By Anita Miller
When County Judge Ruben Becerra cast his vote last week against Don Montague, Republican candidate for Precinct 3 Constable, to fill the unexpired term of disgraced former constable Ray Helm, he said he did so without intending to “reflect negativity.”
Instead, Becerra had hoped to fill the unexpired term of disgraced former constable Ray Helm, who resigned and surrendered his certification July 31 to avoid prosecution, with someone who would not appear on the ballot in order to not “tip the scales.”
Several residents from the Wimberley Valley and beyond felt the same way. In comments given in person and in those read aloud in court during the Aug. 7 special meeting of the commissioners court, people from both ends of the political spectrum spoke against someone who would be on the ballot filling the post in an interim position.
“Put someone in who is a caretaker and will not be seeking office in November,” said perennial court watcher Sam Brannon. “Anything else would be suspect.”
Brannon called out what he called “bipartisan cronyism.” Precinct 1 Commissioner Debbie Gonzales Ingalsbe, a Democrat, voted with Republicans Lon Shell in Precinct 3 and Walt Smith in Precinct 4 in favor of Montague’s appointment. Cronyism has been a frequent target of Becerra, who called an initial special meeting to accept Helm’s resignation on Aug. 3 that failed to draw a quorum. The court was not scheduled to hold their regular Tuesday morning meeting that week.
Brannon charged that commissioners had known for months about alleged wrongdoing by Helm but did nothing. “Someone is guiding you,” Brannon said, “a hidden hand that’s no longer on this court.”
Numerous comments read aloud echoed the same sentiment. Ari Alexrod, who initiated the probe that led to Helm’s undoing and was one of 24 people to submit written comments, said that the “best way forward is to choose a current officer until someone duly elected can take over.”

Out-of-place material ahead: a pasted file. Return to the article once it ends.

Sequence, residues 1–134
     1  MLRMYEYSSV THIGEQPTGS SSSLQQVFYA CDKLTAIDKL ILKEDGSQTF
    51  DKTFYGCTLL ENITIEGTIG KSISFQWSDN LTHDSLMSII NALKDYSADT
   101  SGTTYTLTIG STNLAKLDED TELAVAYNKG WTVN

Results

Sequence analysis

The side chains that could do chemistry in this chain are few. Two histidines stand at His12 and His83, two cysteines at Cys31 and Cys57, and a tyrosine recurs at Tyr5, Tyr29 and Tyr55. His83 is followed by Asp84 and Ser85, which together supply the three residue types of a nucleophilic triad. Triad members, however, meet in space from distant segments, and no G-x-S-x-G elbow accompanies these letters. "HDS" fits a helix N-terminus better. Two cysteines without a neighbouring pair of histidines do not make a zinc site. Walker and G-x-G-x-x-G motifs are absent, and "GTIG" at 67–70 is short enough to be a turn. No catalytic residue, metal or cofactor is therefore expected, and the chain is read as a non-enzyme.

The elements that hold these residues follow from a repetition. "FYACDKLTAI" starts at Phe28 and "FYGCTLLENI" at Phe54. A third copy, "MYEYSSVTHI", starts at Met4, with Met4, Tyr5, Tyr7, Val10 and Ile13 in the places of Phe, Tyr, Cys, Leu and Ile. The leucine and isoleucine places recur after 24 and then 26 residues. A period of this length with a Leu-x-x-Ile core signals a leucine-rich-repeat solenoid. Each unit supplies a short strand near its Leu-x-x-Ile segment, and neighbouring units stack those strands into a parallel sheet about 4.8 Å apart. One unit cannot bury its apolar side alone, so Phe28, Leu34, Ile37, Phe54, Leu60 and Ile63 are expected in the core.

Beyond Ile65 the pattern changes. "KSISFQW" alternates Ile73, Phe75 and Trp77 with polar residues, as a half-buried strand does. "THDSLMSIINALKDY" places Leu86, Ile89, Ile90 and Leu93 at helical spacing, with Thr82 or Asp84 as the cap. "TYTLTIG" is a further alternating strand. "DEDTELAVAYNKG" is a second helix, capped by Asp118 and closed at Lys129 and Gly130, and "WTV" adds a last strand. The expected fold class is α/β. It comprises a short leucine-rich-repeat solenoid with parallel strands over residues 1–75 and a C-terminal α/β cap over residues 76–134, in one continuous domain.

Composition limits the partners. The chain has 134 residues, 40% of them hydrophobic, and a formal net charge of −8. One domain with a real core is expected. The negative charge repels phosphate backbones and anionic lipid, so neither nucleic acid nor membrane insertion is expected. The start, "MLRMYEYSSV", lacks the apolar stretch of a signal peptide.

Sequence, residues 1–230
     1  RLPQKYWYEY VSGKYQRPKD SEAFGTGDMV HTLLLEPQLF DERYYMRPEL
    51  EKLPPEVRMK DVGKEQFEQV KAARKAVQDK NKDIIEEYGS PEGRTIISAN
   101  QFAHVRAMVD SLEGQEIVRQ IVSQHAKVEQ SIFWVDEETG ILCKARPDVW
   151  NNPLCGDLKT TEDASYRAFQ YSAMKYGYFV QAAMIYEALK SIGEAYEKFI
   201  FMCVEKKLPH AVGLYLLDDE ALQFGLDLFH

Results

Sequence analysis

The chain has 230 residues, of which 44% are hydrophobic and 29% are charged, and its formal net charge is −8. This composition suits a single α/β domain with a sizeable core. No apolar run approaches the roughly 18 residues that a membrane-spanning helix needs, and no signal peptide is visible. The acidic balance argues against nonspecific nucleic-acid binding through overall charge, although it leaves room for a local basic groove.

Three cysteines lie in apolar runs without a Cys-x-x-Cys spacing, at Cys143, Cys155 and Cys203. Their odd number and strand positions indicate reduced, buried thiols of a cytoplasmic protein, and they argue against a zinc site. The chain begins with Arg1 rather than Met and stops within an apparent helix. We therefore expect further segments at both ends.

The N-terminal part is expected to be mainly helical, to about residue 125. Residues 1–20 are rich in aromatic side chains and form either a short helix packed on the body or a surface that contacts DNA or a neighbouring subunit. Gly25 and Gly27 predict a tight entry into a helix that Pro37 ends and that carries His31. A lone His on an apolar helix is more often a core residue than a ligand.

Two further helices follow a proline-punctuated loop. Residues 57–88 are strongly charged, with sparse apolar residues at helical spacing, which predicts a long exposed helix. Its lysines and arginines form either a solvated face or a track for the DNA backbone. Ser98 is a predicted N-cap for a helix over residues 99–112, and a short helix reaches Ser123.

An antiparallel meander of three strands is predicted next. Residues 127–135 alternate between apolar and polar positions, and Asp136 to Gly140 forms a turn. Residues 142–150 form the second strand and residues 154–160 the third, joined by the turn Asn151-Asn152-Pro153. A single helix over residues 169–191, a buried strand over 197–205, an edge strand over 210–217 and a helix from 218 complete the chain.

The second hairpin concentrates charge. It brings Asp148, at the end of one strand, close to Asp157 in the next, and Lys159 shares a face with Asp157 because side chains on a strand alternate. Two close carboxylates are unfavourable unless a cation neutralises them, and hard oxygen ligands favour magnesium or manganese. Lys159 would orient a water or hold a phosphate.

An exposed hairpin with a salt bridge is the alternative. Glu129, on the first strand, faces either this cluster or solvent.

Wimberley Valley resident Deborah Morris suggested a member of the court be appointed to oversee the constable’s office until Dec. 31, when Helm’s term expires. Donna Haschke, recently elected Hays County Democratic Party Chair, urged commissioners to hold off on an appointment. “Please allow the electorate to decide,” she wrote.
Shell maintained that someone had to be appointed. He pointed to Texas law regarding “holdovers,” which basically says Helm would have been able to continue to direct the operations of his former office, despite his confession and formal resignation, until a successor was named.
Montague has a long history in law enforcement and Hays County. A former Texas Highway Patrol Trooper, he was elected Sheriff in 1996, running as a Democrat, and continued to hold that office until 2005, when he retired to become director of the Advanced Law Enforcement Rapid Response Training (ALERRT). He is a resident of Wimberley and switched to the Republican party at the time of his retirement,
Ingalsbe floated the possibility of naming Cody Cheatham, a current deputy in Helm’s old office and one of the people who had spoken with investigators from the Texas Commission on Law Enforcement (TCOLE).
Shell shot that down, saying Cheatham hadn’t resided in the precinct long enough to qualify. Cheatham had challenged Precinct 1 Constable David Peterson in the March Democratic primary.
Helm had easily defeated a challenger in the GOP March primary and had no Democratic opponent in November. Because of his resignation, both parties may select a candidate. Hays County Democrats have not named theirs.